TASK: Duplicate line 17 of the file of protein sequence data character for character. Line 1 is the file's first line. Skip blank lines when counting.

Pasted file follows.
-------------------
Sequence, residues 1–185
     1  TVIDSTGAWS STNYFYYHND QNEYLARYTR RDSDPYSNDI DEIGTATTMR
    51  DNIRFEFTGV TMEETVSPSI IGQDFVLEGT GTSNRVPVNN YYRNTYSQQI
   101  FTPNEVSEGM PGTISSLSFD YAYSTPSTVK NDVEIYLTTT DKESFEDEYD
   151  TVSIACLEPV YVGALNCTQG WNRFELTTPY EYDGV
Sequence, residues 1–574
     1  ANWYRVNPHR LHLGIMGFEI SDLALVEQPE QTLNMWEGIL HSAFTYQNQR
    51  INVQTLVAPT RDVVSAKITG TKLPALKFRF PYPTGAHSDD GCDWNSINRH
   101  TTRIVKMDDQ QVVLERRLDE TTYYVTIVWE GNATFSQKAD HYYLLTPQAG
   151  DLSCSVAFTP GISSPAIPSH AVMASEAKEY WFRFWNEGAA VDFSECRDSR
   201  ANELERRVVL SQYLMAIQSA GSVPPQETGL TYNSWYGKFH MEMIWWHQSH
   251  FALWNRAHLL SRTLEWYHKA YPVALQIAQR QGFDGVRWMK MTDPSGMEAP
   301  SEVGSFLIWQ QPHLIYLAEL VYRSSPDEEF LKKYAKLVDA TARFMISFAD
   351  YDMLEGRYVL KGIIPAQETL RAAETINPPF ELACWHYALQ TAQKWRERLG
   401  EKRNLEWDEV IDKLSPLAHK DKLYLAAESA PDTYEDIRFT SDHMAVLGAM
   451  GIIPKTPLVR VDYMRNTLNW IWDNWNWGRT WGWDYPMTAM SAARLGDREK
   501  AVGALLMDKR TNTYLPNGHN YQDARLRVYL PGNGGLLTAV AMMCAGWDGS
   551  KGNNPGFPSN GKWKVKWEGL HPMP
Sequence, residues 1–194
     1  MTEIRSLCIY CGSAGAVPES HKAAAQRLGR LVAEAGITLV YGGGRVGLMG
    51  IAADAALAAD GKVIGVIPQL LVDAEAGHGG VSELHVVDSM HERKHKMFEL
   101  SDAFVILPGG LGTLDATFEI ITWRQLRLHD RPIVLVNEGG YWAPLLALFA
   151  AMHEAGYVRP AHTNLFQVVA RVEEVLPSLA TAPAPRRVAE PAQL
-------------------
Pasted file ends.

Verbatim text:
   501  AVGALLMDKR TNTYLPNGHN YQDARLRVYL PGNGGLLTAV AMMCAGWDGS